Sialoadhesin deficiency does not influence the severity of lupus nephritis in New Zealand Black x New Zealand White F1 mice

Dana Kidder, Hannah E. Richards, Paul A. Lyons, Paul R. Crocker (Corresponding Author)

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Systemic lupus erythematosus (SLE) is a chronic inflammatory condition with multisystem involvement. One of the key features of the disease is the upregulation of type I interferons, resulting in the so-called “interferon signature”. Recent flow cytometric and transcriptomic studies identified Sialoadhesin (Sn, CD169) as an important interferon-induced blood monocyte biomarker in diseased patients. To investigate a potential causative role of Sn in SLE, we generated NZBWF1 (New Zealand Black x New Zealand White F1) mice lacking Sn and compared onset and progression of disease with NZBWF1 expressing normal levels of Sn.

Sn expression in renal tissues of pre-diseased and diseased NZBWF1 mice was evaluated by Quantitative real time PCR (QPCR) and immunohistochemistry. Sn−/− NZBWF1 mice were generated by speed congenics. Disease severity of Sn+/+ and Sn−/− NZBWF1 mice was assessed by serum immunoassays, flow cytometry, light microscopy and immunohistochemistry.

Renal tissues from proteinuric NZBWF1 mice exhibited a significant upregulation of Sn mRNA and protein expression following disease onset. Further immunohistochemical analysis showed that Sn+ macrophages assumed a distinct periglomerular distribution and, unlike CD68+ macrophages, were not present within the glomeruli. Analysis of disease severity in Sn −/− and Sn +/+ NZBWF1 mice revealed no significant differences in the disease progression between the two groups although Sn-deficient mice showed a more rapid onset of proteinuria.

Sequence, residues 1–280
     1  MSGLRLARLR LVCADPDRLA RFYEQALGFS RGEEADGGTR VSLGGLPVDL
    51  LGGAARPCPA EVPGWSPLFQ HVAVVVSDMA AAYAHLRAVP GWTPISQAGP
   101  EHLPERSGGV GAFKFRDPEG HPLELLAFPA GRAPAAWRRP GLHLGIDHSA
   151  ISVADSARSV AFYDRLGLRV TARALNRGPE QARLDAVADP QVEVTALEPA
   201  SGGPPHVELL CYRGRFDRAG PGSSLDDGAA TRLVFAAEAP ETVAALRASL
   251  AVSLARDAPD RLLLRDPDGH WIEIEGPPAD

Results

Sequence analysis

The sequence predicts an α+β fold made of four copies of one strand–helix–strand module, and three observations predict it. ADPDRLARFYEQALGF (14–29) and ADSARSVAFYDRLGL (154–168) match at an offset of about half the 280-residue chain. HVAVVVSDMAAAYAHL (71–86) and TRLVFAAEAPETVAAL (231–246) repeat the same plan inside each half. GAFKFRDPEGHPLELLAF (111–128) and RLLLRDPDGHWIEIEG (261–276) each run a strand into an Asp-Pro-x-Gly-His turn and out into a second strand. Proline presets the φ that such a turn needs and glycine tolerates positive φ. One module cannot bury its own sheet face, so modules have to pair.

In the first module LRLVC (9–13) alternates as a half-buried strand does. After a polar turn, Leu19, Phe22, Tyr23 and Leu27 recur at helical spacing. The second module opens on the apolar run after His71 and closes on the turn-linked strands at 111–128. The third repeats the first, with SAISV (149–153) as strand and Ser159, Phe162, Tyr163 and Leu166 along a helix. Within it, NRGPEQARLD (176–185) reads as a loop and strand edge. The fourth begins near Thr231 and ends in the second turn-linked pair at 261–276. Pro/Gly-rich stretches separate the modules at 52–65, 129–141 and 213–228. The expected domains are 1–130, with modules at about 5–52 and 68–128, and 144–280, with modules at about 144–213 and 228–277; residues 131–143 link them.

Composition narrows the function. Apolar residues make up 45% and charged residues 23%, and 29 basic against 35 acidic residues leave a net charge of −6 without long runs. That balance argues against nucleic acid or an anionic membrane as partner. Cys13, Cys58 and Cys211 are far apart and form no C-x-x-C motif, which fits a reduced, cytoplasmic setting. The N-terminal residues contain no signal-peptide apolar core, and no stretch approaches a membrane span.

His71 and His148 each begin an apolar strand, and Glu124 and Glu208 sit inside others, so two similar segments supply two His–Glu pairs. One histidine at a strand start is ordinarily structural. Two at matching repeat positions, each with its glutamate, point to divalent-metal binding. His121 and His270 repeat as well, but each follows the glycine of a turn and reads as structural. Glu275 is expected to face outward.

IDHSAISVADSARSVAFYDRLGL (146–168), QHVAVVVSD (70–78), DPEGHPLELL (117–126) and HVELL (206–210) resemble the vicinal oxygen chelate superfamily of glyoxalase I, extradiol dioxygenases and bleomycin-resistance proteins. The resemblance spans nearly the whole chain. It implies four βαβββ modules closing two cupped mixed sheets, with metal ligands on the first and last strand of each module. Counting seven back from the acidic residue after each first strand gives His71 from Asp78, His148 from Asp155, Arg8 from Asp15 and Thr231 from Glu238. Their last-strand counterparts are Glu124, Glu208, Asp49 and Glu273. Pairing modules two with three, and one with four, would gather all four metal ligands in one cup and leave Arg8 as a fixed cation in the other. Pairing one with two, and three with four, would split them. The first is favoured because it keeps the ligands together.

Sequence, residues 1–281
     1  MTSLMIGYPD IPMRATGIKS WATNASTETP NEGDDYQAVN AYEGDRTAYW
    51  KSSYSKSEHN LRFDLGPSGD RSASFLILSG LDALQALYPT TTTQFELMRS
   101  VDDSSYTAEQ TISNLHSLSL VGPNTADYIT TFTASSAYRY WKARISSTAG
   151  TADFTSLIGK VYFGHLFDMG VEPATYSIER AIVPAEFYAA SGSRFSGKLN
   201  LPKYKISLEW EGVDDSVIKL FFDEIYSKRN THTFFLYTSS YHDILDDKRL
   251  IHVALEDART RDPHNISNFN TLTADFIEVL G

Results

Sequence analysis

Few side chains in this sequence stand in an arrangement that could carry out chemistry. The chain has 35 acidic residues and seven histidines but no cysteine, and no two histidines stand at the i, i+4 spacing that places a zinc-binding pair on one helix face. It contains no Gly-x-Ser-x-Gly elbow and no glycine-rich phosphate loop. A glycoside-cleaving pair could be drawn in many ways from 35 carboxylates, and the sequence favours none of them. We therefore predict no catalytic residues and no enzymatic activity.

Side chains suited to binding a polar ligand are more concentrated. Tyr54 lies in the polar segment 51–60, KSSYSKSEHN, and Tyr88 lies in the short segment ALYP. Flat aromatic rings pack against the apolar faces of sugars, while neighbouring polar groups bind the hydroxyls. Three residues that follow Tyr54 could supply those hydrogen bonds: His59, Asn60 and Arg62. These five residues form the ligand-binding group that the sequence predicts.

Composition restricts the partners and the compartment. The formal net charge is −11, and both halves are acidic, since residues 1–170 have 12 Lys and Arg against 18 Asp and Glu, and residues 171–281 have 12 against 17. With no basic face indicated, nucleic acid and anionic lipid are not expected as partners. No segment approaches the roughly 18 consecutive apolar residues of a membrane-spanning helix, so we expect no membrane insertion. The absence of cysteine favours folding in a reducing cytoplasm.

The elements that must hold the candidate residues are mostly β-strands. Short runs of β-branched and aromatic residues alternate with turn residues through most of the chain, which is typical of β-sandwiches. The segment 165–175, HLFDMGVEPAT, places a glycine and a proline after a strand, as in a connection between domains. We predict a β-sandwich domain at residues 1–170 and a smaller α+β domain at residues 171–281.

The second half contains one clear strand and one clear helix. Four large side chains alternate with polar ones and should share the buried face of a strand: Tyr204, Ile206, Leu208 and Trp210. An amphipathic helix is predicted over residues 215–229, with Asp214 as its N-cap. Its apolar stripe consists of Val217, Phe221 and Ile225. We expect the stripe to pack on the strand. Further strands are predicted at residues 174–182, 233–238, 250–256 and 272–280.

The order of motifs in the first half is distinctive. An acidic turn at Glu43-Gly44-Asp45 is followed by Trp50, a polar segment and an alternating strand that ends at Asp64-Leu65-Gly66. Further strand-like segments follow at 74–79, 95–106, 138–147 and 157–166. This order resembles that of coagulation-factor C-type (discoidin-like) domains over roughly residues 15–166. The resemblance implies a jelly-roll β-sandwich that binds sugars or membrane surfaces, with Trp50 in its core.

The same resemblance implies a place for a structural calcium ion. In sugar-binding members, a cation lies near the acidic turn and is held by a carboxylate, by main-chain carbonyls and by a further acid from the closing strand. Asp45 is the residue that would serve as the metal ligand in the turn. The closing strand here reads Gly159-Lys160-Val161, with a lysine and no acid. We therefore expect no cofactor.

These data confirm a positive correlation of Sn with disease activity. However, Sn deficiency does not have a significant effect on the severity and progression of lupus nephritis in the NZBWF1 mouse model.
Original languageEnglish
Article numberR175
Number of pages9
JournalArthritis Research & Therapy
Issue number6
Publication statusPublished - 1 Nov 2013

Bibliographical note

This work was supported by a Wellcome Trust Clinical Fellowship 087078 (to DK) and Wellcome Trust Senior Fellowship 081882MA (to PRC). PAL was funded by a Wellcome Trust Programme Grant (083650/Z/07/Z). We thank the Renal Unit in Ninewells Hospital, Dundee, Scotland, UK, for their support with the immunohistochemistry analysis.


  • Systemic Lupus Erythematosus
  • Experimental Autoimmune Encephalomyelitis
  • Lupus Nephritis
  • Active Systemic Lupus Erythematosus
  • Histological Severity


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